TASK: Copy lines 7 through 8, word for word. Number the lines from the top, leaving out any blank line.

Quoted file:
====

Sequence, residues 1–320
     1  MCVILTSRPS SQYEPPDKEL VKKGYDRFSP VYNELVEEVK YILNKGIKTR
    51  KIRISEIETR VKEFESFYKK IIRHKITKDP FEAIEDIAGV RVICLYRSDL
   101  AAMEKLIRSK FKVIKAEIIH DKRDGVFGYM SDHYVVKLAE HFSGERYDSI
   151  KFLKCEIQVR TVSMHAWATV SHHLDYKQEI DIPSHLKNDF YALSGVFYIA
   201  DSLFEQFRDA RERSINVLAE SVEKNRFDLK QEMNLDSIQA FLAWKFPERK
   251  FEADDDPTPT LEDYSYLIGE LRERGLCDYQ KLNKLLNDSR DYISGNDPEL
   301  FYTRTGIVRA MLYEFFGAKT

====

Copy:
   251  FEADDDPTPT LEDYSYLIGE LRERGLCDYQ KLNKLLNDSR DYISGNDPEL
   301  FYTRTGIVRA MLYEFFGAKT